How Philadelphia is laying the groundwork for a public bank
Philadelphia is inching closer to becoming the first U.S. municipality to operate a public bank.
In the latest step forward for a nationwide movement that has been gaining steam, the Philadelphia City Council voted on March 3 to establish a public financial authority — a move that supporters see as a precursor to chartering a public bank that would eventually serve as a depository for municipal funds.
The interim authority won’t take deposits, instead focusing on providing credit enhancements and loan guarantees in partnership with private-sector banks and credit unions. The credit enhancements and loan guarantees will benefit women-owned and minority-owned small business owners and entrepreneurs who traditional lenders might deem too risky.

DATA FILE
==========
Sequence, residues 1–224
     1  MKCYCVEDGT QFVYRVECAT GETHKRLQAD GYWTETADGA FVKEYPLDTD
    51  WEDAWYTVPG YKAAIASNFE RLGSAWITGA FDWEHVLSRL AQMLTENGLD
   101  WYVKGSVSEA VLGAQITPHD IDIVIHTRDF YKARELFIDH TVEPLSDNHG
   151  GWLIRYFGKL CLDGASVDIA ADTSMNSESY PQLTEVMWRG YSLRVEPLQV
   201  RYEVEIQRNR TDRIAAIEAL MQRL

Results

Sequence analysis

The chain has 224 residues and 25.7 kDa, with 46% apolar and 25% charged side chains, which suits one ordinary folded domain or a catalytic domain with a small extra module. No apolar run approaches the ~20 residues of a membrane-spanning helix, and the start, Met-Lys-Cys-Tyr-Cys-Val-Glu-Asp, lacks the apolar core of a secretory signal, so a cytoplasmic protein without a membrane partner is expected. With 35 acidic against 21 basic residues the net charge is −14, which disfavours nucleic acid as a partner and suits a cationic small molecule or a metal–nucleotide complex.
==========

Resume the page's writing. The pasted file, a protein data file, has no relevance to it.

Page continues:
The City Council’s 15-1 vote catapults Philadelphia ahead of a growing number of cities, towns and states where public banking initiatives are also underway, said Walt McRee, senior advisor and chair emeritus of the Public Banking Institute. Cities such as San Francisco and Oakland, California, are pursuing similar strategies — trying to establish interim facilities that can direct city funds until a bank charter is obtained.
“But Philadelphia at this particular moment is ahead of the pack in terms of who’s going to get something organized and operating first,” McRee said. “This is the first concrete step forward.”
Still, like other public bank projects across the country, there are a lot of hurdles to overcome. For starters, Philadelphia has to figure out how to fund the authority and who’s going to run it.
Part of the funding question may be answered when Mayor Jim Kenney presents his annual budget proposal, which is tentatively scheduled to happen on March 31. The mayor’s office has declined to say whether any funds will be set aside for the authority.
“These are technical questions that are being felt out,” McRee said. “But one would think that with a vote of 15-1, the mayor would support the funding of it on some initial basis.”